If anyone knows how to train spiders not to build their webs across paths, I would love to hear from them.


Another shy spider is this Black House Spider (Badumna insignis) that comes out at night to hunt. I have glimpsed it a couple of times, but it must feel the vibrations of my steps because whenever I get near it immediately dashes into its hole. Mostly all I see is one leg. This spider adorns cracks in external doors and windows with its silk. It doesn't build webs across paths - like some spiders I know.

Brown House Spider leg

Sunday, 19 February 2017

mathematics and patterns of nature



To appreciate maths you don't need to be a highly educated person, adept at manipulating abstract symbols and equations. Maths is all around us, embodied in nature. Sometimes nature has such complicated shapes that past scientists found it difficult to believe their eyes, let alone understand and work out the underlying formulae. Margaret Wertheim writes about mathematics as performance and as play. Nature just does it. It doesn't need to understand mathematical formulae. And neither do we.

Nobel Prize-winning physicist Richard Feynman was notable because he was such a well rounded person. He loved jazz and travelling to remote places as much as he loved science. Asked once whether his scientific knowledge and understanding spoiled his appreciation of nature, he said it enhanced it. 

I'm no mathematician but looking at these patterns it adds another dimension when you try to imagine how the waveforms of light, electrons and atoms managed to achieve such brilliant mathematical coding. It's not that they can think, or that they're intelligent. Not the way we traditionally understand intelligence anyway. They just do maths. And so can we.

Einstein reportedly said that imagination was more important than knowledge. I think that quote is probably a bit dangerous at this post-truth time, but maybe we could safely say that imagination is as important as knowledge?




In the Sub-Antarctic Plant House, Royal Tasmania Botanical Gardens, Hobart



Tree Fern Dicksonia fibrosa

Wednesday, 11 January 2017

summertime, and the living is easy


Who munched the leaves of some Derwentia perfoliata plants, leaving smooth semi-circular holes at the edge? It was a native bee, a friendly pollinator. Solitary female Leafcutter Bees remove these discs from the leaves so they can use them for building their nests. The leaves are shaped into plugs that are filled with pollen and nectar for their offspring, then closed with a lid consisting of a neat circular piece of leaf.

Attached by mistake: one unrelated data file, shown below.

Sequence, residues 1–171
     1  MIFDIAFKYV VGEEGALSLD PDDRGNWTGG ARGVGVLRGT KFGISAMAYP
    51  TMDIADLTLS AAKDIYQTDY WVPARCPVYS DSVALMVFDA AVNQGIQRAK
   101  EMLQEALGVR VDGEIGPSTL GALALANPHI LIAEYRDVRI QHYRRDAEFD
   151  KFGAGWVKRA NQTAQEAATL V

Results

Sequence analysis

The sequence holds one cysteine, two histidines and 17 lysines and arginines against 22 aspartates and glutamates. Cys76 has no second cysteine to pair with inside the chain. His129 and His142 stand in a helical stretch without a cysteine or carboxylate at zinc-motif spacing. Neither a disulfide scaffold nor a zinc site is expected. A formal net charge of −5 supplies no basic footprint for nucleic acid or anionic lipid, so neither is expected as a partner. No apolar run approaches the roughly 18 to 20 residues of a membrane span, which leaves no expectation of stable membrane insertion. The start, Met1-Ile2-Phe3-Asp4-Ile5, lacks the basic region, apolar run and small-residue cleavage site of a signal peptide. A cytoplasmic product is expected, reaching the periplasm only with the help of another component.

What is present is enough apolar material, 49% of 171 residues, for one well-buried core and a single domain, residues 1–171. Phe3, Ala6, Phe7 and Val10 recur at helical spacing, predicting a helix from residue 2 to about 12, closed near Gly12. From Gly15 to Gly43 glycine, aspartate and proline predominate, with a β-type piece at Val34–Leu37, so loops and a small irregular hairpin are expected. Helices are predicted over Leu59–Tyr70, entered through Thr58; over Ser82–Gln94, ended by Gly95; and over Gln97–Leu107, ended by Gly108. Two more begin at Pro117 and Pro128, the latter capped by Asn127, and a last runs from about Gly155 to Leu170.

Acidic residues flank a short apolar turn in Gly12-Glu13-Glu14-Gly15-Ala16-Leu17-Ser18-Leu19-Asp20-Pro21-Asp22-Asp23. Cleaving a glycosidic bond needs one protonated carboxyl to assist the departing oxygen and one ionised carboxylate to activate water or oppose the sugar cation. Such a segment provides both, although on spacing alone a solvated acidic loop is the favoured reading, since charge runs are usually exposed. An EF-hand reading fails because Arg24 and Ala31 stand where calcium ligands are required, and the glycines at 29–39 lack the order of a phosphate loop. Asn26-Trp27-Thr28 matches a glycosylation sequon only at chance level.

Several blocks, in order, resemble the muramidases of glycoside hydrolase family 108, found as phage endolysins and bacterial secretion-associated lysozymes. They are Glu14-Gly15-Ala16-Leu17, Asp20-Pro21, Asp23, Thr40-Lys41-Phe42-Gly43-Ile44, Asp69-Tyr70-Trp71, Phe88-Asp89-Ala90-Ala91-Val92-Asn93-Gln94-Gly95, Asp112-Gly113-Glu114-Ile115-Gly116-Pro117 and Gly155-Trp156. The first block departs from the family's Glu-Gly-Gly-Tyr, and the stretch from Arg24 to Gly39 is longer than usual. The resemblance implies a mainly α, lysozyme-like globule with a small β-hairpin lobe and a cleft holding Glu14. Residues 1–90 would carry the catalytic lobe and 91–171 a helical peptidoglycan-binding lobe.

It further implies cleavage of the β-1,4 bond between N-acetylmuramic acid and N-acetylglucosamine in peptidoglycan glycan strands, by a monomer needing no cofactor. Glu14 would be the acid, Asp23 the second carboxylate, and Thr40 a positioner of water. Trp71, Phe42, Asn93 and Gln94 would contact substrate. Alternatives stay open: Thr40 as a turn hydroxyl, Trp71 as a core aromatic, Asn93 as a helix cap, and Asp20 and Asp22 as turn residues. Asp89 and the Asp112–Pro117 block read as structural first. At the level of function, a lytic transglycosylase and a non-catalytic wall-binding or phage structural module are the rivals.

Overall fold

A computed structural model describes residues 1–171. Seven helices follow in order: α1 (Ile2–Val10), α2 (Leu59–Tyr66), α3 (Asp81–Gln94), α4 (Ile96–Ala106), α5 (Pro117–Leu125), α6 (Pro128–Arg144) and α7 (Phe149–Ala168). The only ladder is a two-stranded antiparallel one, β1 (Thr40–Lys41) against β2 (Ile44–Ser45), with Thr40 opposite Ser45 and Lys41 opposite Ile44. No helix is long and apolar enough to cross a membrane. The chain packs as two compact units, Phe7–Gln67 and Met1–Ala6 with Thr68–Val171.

Leafcutter Bee Megachile sp.
Photographer Bruce Hulbert

Summer, a time for watching the garden. It's too hot to garden, and anyway ridiculously foolhardy to plant or transplant. The only activities are occasionally watering pots, and regularly changing the water in the bird baths.

So I look at the garden. I look at plants that love the heat, like Catmint. I look at plants that curl up to protect themselves but unfurl when the sun sets, like Lambs Ears. I look at plants that look uncomfortable but I know from years of experience won't be summer casualties, like orange Wallflowers. (The mauve ones are much more resilient for some reason).

And ... I look at, and for, insects, spiders and birds, and any signs of them.


The leaves of the Banksia Roses got infected with sooty mould. I didn't get round to removing the diseased leaves. Then I noticed some tiny black and yellow beetles on the leaves. Identified as Fungus-eating Ladybird beetles (Illeis galbula) - these cute critters eat fungus and mould! They are welcome. Leaving the sooty mould led to an increase in the biodiversity in the garden ecosystem.

Thursday, 24 November 2016

scats: a post about poo

You mightn't see an animal, but you know it's been there because it's left its droppings, or pellets, or scats, for you to identify.


I found this on a garden chair, dried out. It was made by  a possum, I think. I was hoping it was a possum and not a rat. I found a website explaining the difference between a few scats. Rats produce narrow cylindrical pellets with one or both ends pointed. I'm relieved to notice that the ends of this poo are definitely rounded, not pointed.


The poo is this picture is larger and fresher.  I think this was also made by a possum, probably ringtail, taking a drink from the bird bath. It's the same shape as the one above. Ringtails eat fruit, flowers and leaves. You can see the seeds it's been eating.

Ringtail possums eat their own faecal pellets. That way they digest their food twice and make sure they get all the nutrients.